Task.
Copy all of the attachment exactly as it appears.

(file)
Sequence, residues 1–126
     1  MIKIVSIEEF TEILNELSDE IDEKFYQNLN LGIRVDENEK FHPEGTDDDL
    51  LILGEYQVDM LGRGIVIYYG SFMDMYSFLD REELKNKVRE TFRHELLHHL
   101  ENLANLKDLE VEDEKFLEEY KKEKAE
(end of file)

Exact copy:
Sequence, residues 1–126
     1  MIKIVSIEEF TEILNELSDE IDEKFYQNLN LGIRVDENEK FHPEGTDDDL
    51  LILGEYQVDM LGRGIVIYYG SFMDMYSFLD REELKNKVRE TFRHELLHHL
   101  ENLANLKDLE VEDEKFLEEY KKEKAE